This insightful course on the arrival of Christ and his kingdom is presented by a team of respected Christian theologians, including Craig A. Evans, Michael W. Goheen, Jeannine K. Brown, Mark L. Strauss, Joel Willitts, and Gerry Breshears. These scholars are well published in biblical interpretation, biblical theology, and the New Testament, and their combined expertise will allow students to gain the clearest insight as they study the New Testament. This course covers new perspectives on the eschatological expectations of first-century Judaism, the birth of the Messiah in each Gospel, and Christ’s kingdom mission.

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Mobile Ed: NT254 The Jesus of the Gospels (8 hour course)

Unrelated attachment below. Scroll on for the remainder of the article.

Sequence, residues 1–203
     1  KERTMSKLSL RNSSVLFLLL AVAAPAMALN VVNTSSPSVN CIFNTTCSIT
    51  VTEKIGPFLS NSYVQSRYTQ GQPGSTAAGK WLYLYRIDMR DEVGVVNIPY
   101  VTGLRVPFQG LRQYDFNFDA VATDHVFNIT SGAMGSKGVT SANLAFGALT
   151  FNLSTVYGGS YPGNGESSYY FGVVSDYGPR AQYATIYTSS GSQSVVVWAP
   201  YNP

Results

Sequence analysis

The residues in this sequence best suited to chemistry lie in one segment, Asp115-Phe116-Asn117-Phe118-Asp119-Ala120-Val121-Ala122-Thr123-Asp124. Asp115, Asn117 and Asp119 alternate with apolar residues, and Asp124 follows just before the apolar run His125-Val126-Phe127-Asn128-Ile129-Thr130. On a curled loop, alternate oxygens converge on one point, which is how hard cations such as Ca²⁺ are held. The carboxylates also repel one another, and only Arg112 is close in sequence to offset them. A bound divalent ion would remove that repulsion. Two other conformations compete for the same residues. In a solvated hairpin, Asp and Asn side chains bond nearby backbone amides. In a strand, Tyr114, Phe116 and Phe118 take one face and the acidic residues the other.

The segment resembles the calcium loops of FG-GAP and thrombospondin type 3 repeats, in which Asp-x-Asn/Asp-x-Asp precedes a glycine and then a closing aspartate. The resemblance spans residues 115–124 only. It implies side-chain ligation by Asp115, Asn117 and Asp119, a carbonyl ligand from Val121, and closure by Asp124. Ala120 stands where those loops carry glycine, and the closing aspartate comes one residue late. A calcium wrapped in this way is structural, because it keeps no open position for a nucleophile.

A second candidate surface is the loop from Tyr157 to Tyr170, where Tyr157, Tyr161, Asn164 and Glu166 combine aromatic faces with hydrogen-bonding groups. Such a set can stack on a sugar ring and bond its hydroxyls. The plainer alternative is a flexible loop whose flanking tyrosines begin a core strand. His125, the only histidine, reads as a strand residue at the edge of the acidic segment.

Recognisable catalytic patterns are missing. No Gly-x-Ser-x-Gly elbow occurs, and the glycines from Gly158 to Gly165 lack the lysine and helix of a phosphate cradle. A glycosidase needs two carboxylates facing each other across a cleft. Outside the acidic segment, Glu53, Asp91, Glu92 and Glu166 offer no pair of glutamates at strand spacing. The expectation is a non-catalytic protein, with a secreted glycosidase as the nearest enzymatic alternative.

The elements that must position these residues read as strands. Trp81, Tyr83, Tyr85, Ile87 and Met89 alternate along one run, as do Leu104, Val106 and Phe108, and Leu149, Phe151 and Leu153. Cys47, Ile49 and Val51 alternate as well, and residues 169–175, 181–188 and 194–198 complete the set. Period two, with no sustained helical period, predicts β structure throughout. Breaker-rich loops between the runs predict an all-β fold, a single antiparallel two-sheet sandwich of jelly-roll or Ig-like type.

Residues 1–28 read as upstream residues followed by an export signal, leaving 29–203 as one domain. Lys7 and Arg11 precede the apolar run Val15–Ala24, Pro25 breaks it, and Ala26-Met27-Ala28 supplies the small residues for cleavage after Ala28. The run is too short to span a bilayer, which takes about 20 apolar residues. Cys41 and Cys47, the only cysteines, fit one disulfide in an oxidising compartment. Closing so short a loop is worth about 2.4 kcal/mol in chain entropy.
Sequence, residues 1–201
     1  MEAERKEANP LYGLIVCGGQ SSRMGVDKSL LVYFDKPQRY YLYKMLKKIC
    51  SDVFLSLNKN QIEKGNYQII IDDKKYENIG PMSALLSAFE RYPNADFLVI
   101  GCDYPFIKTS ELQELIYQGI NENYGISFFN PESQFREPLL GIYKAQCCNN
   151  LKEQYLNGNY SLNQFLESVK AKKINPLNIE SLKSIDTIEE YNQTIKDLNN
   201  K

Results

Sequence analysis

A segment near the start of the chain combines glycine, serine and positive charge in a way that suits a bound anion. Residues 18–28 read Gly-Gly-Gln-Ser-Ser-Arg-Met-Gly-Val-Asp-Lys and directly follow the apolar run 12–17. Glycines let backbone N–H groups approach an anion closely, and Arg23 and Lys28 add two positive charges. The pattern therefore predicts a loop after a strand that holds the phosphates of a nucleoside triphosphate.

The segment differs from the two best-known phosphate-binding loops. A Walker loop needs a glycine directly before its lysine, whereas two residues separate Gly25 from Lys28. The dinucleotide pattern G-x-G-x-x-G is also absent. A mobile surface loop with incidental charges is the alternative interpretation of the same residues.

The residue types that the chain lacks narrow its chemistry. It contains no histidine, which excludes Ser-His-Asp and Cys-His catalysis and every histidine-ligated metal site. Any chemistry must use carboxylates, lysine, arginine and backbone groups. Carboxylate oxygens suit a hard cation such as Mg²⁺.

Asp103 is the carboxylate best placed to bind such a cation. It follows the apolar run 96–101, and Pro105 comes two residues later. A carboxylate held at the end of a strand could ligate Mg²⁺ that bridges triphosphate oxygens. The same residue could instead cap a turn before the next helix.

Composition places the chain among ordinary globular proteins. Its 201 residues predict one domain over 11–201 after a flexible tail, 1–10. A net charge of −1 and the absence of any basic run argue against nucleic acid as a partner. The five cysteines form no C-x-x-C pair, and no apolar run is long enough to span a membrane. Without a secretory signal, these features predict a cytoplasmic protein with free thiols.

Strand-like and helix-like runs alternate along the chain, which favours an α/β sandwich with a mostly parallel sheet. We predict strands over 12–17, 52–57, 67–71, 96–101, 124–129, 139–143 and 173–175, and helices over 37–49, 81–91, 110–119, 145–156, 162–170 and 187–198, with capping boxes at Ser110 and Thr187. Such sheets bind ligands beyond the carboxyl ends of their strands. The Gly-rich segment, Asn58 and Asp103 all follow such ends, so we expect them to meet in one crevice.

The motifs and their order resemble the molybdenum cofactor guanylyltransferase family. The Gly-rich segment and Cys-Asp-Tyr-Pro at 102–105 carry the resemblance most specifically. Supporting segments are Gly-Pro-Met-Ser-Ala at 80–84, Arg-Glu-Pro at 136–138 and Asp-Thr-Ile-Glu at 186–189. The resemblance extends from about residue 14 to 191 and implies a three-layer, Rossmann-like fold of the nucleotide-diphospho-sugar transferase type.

Mobile Ed: NT254 The Jesus of the Gospels (8 hour course)

The Jesus of the Gospels (NT254) focuses on the historical Jesus and the reliability of the four gospels. The course surveys different “quests” for the historical Jesus by critical scholarship and examines, apologetically, what we can demonstrate about the person of Jesus. It assesses the teaching of Jesus, his miracles, the intention of his ministry, and the historical evidence for his death and resurrection.